[Mesa-dev] Merging gallium-rect-textures and debug-refcnt?

José Fonseca jfonseca at vmware.com
Fri Aug 20 05:39:00 PDT 2010

On Fri, 2010-08-20 at 05:09 -0700, Luca Barbieri wrote:
> > The advantage of having a prefix is that it makes it easy to detect when
> > people don't include the proper headers such as u_string.h, and it
> > guarantees one can wrap around even buggy OS implementations without
> > doing #define magic. It also allows to easily add wrapping.
> It is indeed possibly advantageous if the platform provides a broken
> implementation, but as you point out #define magic can solve this, and
> I expect/hope this to be a rare exception.
> A price for this is however paid by everyone all over the codebase,
> while the #define magic (or any other magic) would be localized.

Speaking of localized, I remembered another problem: locales. By using
the . By using our own versions we garantee that a "." is always a "."
and not "," or whatever.

And define magic is very brittle. Especially with C++: you #define
printf to be something else, but nothing prevents a class or a namespace
to have the printf symbol in its scope.

> The best approach would probably be to decide this on a case-by-case
> basis, and in some cases I'd argue that the current state is obviously
> not the right choice:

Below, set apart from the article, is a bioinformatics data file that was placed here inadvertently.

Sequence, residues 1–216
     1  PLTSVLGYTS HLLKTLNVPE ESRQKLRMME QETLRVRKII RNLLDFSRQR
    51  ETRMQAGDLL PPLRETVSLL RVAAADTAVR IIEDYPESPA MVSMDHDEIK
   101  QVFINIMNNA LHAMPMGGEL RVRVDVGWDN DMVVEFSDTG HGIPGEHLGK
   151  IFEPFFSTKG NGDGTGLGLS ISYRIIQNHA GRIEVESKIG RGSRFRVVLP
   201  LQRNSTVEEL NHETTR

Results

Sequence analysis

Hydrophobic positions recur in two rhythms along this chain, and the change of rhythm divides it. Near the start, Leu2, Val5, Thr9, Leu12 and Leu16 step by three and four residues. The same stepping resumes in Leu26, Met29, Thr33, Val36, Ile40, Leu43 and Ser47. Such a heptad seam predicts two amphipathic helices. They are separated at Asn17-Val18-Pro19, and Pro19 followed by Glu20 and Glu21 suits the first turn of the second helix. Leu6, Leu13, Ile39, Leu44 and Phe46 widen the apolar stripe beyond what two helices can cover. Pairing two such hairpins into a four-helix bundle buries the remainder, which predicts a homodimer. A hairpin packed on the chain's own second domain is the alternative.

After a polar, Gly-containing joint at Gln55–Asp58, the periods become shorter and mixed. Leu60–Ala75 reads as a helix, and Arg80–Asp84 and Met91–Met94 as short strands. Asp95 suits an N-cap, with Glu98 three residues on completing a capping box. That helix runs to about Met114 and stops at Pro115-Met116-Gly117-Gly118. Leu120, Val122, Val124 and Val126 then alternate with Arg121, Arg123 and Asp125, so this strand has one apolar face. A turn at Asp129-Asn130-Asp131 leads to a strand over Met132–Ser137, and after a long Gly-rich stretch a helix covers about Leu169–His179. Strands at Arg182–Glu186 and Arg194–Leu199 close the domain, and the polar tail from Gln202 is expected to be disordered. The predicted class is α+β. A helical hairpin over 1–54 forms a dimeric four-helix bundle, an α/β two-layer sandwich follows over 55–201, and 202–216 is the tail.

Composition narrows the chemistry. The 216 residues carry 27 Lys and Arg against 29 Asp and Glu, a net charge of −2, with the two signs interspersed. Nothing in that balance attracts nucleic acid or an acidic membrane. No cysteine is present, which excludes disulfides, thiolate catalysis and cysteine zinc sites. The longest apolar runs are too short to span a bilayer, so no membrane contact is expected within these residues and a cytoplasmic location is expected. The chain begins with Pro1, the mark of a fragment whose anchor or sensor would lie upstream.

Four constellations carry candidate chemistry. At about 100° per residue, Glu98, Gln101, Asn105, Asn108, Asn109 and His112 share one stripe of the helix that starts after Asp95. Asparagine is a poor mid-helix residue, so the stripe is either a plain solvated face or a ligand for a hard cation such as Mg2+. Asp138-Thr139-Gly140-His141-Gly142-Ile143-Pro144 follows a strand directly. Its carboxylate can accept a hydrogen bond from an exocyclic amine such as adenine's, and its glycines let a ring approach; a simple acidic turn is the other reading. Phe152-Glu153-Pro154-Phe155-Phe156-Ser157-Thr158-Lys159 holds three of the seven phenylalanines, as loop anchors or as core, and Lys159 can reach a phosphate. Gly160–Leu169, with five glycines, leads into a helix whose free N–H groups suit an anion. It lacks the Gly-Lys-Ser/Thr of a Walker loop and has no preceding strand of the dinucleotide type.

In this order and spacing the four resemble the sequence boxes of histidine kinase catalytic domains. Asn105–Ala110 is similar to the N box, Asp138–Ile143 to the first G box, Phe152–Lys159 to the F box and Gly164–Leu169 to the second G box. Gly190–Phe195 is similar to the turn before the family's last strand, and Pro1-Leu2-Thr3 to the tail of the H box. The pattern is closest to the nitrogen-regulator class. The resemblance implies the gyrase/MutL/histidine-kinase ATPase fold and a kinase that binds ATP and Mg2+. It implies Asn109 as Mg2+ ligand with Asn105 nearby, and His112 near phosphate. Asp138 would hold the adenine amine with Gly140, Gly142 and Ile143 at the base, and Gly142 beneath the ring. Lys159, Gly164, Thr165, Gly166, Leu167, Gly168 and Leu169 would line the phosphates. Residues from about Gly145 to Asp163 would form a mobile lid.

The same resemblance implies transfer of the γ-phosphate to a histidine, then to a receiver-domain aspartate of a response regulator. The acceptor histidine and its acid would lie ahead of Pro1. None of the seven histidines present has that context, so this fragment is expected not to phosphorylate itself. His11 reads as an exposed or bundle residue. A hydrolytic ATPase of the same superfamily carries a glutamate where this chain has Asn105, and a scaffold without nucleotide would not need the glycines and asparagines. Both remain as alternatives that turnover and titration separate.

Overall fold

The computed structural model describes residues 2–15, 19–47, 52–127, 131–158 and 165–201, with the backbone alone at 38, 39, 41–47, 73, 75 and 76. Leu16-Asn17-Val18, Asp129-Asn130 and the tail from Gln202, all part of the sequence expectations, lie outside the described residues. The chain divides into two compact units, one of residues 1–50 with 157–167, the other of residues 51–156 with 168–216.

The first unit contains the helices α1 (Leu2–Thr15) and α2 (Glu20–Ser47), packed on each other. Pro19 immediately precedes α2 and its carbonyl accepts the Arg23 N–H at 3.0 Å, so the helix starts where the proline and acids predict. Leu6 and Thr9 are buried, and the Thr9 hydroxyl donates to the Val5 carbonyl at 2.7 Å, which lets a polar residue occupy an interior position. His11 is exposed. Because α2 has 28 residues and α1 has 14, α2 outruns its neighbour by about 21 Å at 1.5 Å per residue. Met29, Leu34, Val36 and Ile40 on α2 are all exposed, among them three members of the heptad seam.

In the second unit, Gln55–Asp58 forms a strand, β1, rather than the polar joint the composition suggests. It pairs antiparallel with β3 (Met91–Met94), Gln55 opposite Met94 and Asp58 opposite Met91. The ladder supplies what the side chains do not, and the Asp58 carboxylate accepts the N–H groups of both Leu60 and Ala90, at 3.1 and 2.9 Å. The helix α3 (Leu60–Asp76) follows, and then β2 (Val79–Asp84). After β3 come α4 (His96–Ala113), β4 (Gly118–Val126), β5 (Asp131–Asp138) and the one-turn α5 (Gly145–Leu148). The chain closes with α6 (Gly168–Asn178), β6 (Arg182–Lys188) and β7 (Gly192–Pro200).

> 1. INLINE is very frequently used, and defining "inline" instead is
> actually simpler, and is less confusing for source
> analysis/highlighting 

I agree. Furthermore C99 defines inline already.

> tools.
> 2. "memcmp" is currently OK, but one is supposed to use "util_strcmp"
> instead of "strcmp", which looks quite hard to remember and get right
> BTW, MSDN documents strcmp to be available at least in user mode and
> u_string.h provides his own implementation anyway.
> Did Microsoft actually manage to somehow provide a broken strcmp?
> If not, then the system implementation is likely to be much faster due
> to target-specific optimizations.

No. But it provides a broken sprintf (in the kernel it didn't even
support floats; for userland I no longer recall if/what problems it

The other strxxxx were renamed to util_strxxx for consistency whithin
that module. And again, using the CRT for strings is subject to the
current locale. Care has to be taken when using it for stuff other that
debug printing (e.g., shader parsing, which was exactly the bug what
happened before in Mesa).

Another example are math.h's sinf/cosf etc. It's indeed quite convenient
to have the standard names. But some CRTs use #defines other inlines,
and then suddenly different versions of the compiler/CRT do different

I still have the plan to make a CGRT [1] module to centralize all
existing OS portibility and abstract data types used everywhere in the
mesa tree. Especially now that it's not only mesa + gallium, but also
mapi and glsl2 which have some independence and also could benefit the
portability wrappers.

It would be nice to standardize, either on a cgrt_ prefix for everything
in there, or vanilla CRT symbols everywhere. So that there is no more

I really don't have a strong preference either way: so I'd like to hear
what the maintainers of these modules (Brian, Keith, Olv, Ian) think.


[1] Common Graphics RunTime

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